Many Older Cancer Patients Not Using Narcotics for Pain

Many Older Cancer Patients Not Using Narcotics for Pain

Nearly one in three older cancer patients do not use narcotic painkillers even though they are in severe pain, according to a Canadian study.

Researchers studied two years of data involving over 24,000 cancer patients in Ontario who were over age 65. One third of those reporting severe pain did not fill a prescription they were given for opioids such as morphine, oxycodone and fentanyl. The oldest patients and women were found to be least likely to use opioids. People over age 85, for example, were 30 percent less likely to take opioids for pain than patients between 64 and 74 years old. Women in the study were 14 percent less likely to take opioids than men.

The study is being published in the Journal of Clinical Oncology.

It’s not clear why so many prescriptions are going unfilled by elderly cancer patients. Some older patients may be concerned about addiction, drowsiness, falling down and other side effects. There could also be a stigma associated with opioid use. OxyContin was recently taken off the market in Canada because of widespread abuse.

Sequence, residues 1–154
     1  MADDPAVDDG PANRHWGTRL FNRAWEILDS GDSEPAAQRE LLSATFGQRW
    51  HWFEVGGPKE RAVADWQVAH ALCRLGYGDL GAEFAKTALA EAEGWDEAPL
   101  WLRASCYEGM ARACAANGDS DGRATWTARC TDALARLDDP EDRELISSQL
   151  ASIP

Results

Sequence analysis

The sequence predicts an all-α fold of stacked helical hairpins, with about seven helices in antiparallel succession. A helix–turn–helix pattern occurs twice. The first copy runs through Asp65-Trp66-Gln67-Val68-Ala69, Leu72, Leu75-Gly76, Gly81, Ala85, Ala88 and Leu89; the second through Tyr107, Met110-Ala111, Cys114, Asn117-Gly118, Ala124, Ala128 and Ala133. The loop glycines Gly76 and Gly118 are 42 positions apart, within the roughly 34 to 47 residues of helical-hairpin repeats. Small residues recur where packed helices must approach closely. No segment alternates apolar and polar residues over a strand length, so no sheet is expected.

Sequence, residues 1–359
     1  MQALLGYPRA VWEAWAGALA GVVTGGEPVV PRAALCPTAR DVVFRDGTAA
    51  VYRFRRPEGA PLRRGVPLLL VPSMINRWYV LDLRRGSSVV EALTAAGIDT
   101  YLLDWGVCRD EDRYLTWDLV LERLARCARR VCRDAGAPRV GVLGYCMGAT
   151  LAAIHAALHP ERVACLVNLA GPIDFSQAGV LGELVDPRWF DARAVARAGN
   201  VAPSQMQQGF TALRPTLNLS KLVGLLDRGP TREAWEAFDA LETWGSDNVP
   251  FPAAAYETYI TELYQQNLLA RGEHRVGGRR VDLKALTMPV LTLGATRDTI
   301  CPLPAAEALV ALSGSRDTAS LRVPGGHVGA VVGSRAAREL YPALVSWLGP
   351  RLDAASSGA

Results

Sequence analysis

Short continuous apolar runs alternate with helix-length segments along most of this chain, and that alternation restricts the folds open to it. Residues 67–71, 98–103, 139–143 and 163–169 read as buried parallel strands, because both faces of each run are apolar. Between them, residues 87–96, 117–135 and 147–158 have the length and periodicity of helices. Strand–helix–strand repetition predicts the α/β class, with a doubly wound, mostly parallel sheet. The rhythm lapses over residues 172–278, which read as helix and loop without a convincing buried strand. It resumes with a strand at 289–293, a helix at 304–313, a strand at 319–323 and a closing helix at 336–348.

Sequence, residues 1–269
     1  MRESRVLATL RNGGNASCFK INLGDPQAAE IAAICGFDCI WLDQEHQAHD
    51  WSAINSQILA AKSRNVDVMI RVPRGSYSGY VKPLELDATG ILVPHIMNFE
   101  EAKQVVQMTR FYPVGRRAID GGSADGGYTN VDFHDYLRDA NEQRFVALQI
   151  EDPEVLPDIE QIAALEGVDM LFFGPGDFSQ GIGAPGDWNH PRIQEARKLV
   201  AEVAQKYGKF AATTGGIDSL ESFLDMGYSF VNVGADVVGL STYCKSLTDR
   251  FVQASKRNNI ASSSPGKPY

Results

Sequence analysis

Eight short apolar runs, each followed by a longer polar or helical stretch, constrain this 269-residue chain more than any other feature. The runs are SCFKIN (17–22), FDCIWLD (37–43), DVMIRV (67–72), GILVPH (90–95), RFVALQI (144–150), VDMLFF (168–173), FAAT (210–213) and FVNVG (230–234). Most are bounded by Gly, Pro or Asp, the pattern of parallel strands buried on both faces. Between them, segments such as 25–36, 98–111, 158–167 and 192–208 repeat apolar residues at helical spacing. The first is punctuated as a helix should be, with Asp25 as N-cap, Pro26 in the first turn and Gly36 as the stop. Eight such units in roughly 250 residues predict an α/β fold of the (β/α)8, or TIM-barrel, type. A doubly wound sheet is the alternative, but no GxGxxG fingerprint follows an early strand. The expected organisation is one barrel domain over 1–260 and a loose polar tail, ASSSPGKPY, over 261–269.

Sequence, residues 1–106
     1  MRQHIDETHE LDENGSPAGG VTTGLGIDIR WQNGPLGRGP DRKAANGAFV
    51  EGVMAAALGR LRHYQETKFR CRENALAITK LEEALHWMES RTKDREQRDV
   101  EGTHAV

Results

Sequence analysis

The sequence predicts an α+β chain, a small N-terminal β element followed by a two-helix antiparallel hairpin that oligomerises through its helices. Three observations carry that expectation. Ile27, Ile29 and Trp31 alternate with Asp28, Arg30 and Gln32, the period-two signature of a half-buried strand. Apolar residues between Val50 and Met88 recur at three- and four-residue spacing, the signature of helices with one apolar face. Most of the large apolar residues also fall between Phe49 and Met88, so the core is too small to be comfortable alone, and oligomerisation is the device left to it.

There is some evidence that the fear of addiction is justified. Another recent study out of Canada found that elderly patients who were prescribed painkillers after surgery were at greater risk of addiction and other health problems related to opioid use. Over 10 percent of the patients were long-term opioid users a year after their surgery.

Canada is the world’s second largest per capita consumer of oxycodone after the United States. In the U.S. nearly three out of four prescription drug overdoses are caused by opioid painkillers. The drugs were involved in 14,800 overdose deaths in 2008, more than cocaine and heroin combined according to the Centers for Disease Control and Prevention.

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Authored by: Pat Anson, Editor